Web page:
“I regard your work as one of the most valuable contributions any naturalist has made to the life histories of American mammals. In fact I do not know of anything that quite parallels your work.”
– Teddy Roosevelt, 1911
A Comment About Seton’s Accomplishments
Seton became one of the first great proponents of wildlife conservation, popularizing it to a mass audience. His writings about civilization’s destruction of nature established a framework for today’s environmentalism. His major foray into political activism resulted in one of the first pieces of conservation legislation passed by Congress.
Seton invented the literary genre of the realistic animal story, establishing a moral connection between people and animals, changing society’s consciousness about the treatment and animals and the natural environment. As a corollary, he published important principles for the sciences of animal behavior and ecology.
As a master illustrator and best-selling author of story collections, novels and scientific publications, Seton reached an international audience of millions. The self-described “artist-naturalist” inspired generations to take to the outdoors for recreation, adventure, and solace.
His passion for self-reliance ethics and outdoor youth education led him to co-found the worldwide Boy Scout movement. He wrote the first Boy Scout handbook in 1910, serving as the model for all the others that followed to the present day.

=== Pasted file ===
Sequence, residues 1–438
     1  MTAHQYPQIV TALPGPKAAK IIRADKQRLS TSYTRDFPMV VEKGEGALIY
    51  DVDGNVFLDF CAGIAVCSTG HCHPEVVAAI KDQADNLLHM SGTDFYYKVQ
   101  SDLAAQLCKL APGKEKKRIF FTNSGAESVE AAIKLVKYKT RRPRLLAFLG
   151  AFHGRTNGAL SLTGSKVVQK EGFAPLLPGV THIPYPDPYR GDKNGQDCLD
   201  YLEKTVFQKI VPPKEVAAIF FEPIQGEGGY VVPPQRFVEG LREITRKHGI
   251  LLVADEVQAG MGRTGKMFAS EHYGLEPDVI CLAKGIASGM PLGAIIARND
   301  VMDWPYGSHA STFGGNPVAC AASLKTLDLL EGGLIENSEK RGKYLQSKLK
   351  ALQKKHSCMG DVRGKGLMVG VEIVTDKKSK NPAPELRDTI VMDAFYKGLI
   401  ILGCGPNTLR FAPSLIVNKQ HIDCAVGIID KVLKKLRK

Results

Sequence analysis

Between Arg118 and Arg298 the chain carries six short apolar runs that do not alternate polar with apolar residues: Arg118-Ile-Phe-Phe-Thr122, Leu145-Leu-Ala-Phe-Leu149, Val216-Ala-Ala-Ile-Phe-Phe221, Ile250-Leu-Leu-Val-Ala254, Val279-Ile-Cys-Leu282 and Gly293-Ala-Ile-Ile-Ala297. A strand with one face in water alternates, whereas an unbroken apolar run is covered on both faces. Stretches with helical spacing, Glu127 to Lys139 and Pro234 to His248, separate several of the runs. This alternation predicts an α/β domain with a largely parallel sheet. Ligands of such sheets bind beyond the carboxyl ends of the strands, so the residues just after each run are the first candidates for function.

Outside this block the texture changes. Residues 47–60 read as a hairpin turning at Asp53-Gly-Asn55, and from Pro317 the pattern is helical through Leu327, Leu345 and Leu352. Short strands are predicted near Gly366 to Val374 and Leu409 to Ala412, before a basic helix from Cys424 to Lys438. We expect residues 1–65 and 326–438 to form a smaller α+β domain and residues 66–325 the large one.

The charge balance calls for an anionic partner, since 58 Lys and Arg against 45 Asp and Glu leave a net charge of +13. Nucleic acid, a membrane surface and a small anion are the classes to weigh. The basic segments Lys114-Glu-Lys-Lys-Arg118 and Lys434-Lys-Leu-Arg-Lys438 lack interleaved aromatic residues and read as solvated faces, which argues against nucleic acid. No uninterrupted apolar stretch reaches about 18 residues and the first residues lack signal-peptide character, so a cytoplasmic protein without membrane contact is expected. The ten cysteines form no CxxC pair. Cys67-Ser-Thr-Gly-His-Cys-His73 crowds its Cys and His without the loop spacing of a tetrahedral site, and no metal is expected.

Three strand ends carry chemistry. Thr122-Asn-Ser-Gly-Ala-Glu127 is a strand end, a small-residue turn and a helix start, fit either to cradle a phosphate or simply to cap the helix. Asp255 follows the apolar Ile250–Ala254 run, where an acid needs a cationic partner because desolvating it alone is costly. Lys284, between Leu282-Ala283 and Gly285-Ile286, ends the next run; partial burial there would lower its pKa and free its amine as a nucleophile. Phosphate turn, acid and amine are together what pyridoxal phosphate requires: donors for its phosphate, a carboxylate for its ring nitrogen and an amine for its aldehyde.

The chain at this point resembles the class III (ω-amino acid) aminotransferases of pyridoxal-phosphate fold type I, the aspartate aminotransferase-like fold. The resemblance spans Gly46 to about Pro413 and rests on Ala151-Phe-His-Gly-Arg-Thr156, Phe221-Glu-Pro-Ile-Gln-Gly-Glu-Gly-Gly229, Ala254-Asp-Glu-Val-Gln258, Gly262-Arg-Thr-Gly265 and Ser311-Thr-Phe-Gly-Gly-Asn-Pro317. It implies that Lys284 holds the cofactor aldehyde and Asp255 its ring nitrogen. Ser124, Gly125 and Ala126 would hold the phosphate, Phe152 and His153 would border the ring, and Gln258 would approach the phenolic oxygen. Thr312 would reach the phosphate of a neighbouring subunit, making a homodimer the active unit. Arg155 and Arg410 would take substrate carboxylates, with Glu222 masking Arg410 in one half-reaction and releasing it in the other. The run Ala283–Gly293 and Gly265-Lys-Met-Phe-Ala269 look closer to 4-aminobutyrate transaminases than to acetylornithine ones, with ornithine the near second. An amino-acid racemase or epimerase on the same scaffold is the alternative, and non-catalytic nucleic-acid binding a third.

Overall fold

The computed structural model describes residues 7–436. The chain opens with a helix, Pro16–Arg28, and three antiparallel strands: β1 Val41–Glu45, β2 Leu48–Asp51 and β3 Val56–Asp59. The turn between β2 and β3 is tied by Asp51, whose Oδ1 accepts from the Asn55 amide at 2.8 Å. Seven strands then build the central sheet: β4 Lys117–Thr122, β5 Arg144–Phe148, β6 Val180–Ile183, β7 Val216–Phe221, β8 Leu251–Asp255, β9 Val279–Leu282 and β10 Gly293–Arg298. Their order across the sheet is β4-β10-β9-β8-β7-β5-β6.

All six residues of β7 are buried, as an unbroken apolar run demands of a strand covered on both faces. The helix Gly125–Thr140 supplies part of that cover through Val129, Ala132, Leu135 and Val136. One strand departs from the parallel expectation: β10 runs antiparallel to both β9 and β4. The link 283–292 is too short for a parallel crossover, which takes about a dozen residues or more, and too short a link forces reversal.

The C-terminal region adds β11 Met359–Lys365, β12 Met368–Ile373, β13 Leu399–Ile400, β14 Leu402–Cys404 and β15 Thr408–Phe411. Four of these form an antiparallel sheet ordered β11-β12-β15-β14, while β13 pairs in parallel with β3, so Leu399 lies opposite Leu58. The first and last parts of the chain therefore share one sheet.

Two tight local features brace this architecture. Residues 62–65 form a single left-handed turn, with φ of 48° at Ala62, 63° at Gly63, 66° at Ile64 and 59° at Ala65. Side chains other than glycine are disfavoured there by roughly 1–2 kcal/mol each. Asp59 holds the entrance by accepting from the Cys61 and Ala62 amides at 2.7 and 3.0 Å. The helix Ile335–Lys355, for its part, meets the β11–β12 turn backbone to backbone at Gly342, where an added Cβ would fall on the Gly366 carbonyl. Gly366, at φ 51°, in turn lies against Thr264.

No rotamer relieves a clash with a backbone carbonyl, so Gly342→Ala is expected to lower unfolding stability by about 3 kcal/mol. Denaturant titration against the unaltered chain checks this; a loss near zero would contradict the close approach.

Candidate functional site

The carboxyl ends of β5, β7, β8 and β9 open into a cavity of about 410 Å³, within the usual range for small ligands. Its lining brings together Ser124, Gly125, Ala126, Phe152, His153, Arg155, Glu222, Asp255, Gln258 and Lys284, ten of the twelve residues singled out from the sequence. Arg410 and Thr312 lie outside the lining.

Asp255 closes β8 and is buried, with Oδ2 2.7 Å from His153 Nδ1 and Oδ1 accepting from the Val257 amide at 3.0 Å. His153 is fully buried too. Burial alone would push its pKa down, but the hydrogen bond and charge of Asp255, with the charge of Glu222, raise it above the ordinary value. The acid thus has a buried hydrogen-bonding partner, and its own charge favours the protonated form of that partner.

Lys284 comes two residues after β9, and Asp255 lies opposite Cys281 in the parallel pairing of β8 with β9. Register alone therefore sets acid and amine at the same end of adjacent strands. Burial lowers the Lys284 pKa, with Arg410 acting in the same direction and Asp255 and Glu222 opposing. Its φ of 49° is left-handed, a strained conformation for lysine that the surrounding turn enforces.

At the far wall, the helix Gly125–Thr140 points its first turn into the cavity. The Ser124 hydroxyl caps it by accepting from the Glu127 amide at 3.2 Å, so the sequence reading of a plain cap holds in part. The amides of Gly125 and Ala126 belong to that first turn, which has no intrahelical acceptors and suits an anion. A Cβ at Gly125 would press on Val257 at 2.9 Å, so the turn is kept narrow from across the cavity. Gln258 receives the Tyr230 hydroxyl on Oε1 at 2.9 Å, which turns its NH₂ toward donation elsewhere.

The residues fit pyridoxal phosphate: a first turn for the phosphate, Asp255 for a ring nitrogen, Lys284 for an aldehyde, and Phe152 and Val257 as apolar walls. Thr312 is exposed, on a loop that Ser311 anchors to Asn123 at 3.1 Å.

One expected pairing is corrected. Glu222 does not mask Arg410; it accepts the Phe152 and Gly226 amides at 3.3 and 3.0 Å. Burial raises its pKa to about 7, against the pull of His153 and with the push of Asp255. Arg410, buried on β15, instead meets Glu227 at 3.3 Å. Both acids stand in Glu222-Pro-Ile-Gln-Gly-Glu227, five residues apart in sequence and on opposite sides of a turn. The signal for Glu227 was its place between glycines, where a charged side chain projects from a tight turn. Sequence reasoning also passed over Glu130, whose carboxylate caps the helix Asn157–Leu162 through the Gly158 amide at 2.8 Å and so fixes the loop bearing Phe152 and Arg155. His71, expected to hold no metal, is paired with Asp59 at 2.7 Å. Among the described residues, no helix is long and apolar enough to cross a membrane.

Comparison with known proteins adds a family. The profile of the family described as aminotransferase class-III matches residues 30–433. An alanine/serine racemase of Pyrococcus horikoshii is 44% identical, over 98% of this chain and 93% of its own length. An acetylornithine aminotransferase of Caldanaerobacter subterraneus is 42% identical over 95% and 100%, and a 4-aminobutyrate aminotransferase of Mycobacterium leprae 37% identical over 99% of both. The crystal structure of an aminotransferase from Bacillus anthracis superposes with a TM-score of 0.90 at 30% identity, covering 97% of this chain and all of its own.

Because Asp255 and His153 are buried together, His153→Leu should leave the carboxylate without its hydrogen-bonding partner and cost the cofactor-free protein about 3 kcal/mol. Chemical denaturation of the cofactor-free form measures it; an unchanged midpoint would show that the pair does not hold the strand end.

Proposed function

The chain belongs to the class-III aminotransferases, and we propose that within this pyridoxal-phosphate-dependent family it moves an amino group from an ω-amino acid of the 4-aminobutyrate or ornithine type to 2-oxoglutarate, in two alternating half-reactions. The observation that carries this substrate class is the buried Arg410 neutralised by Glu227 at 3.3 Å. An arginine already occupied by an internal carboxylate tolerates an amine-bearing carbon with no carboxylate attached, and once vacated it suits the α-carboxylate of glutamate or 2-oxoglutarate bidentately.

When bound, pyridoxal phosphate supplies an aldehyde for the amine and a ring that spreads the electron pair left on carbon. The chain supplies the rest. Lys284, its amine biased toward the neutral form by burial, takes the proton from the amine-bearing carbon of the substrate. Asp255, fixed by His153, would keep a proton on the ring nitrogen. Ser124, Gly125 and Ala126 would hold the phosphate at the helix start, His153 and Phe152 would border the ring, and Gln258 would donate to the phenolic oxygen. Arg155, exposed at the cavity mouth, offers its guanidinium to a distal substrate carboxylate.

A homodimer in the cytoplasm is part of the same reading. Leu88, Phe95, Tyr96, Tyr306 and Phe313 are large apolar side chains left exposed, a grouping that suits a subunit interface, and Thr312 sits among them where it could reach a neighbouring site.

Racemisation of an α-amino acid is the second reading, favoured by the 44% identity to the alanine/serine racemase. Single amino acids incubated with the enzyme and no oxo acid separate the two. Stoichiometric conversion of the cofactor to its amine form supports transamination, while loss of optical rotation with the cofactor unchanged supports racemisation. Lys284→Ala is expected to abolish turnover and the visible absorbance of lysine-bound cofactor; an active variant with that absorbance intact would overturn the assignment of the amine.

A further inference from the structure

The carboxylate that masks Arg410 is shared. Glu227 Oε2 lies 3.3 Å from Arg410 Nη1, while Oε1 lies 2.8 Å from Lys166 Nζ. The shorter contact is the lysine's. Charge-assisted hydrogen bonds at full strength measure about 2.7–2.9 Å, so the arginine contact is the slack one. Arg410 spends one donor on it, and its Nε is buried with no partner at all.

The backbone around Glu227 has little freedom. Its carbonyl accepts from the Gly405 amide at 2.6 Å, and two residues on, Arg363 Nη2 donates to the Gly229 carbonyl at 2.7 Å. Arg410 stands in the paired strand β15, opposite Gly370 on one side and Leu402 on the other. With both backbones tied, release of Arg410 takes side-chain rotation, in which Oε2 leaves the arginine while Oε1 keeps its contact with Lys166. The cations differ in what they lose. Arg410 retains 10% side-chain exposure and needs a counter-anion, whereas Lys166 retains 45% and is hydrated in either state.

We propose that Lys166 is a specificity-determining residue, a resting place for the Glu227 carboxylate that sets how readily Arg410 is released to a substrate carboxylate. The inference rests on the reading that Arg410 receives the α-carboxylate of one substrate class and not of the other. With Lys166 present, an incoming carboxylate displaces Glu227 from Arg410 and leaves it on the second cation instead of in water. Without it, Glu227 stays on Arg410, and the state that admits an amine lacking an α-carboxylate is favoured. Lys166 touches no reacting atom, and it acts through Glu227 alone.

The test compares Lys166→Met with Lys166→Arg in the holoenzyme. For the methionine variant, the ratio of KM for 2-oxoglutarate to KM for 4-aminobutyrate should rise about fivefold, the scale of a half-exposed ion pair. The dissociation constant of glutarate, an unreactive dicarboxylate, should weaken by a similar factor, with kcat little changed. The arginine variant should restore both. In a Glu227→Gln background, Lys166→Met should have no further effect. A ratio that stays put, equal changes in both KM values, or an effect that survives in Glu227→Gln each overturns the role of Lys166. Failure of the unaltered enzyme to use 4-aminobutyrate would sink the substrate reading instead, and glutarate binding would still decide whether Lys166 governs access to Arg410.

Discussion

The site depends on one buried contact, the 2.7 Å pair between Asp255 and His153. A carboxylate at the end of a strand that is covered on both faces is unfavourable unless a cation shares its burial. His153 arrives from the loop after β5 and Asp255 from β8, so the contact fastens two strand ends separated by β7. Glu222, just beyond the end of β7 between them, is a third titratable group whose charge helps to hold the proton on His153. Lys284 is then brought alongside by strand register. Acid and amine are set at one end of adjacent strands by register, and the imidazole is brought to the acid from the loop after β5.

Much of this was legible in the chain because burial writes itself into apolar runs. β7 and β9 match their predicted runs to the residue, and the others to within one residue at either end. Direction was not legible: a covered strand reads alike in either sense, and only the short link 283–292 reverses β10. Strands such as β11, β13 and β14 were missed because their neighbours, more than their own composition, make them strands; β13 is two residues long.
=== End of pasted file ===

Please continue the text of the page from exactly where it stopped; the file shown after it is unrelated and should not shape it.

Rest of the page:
A century and a quarter have passed between the time of Seton’s encounter with a dying wolf and the launching of this site. The winter of 1893-94 in the “Hi-Lo Country” (in the words of writer Max Evans) saw a drama play out between Seton and a pack of Gray-wolves. The wolves lost in the struggle, but in an unexpected way they prevailed by changing the spirit of a man leading him to put the best of what he learned to work in the world.
I would like to invite you to explore the trail of an artist-naturalist. There is still much that Seton would have us do in the world.
Site Editor & Author
Art historian, writer, and naturalist DAVID L. WITT became curator of the Seton Legacy Project at the Academy for the Love of Learning in Santa Fe in 2005. He oversees research, collections, exhibitions, films and other educational programming related to the art, writings, and philosophy of Ernest Thompson Seton. He began his research on Seton in 1972. In this century he has curated a major Seton exhibition for the New Mexico History Museum, led an expedition to the Arctic (following Seton’s 1907 paddle strokes) resulting in a 30-minute documentary, and produced a graphic novel of the Lobo story. He is the author of the award-winning book, Ernest Thompson Seton: The Life and Legacy of an Artist and Conservationist.
Witt is the founder of the Southwest Art History Conference and former curator of the University of New Mexico Harwood Museum of Art, Taos, where he created over two hundred exhibitions on the art and art history of New Mexico. Witt’s award-winning books also include Modernists in Taos from Dasburg to Martin; The Art and Life of Patrociño Barela; and Taos Moderns: Art of the New. He lives in Taos, New Mexico where he writes a blog on radical natural history.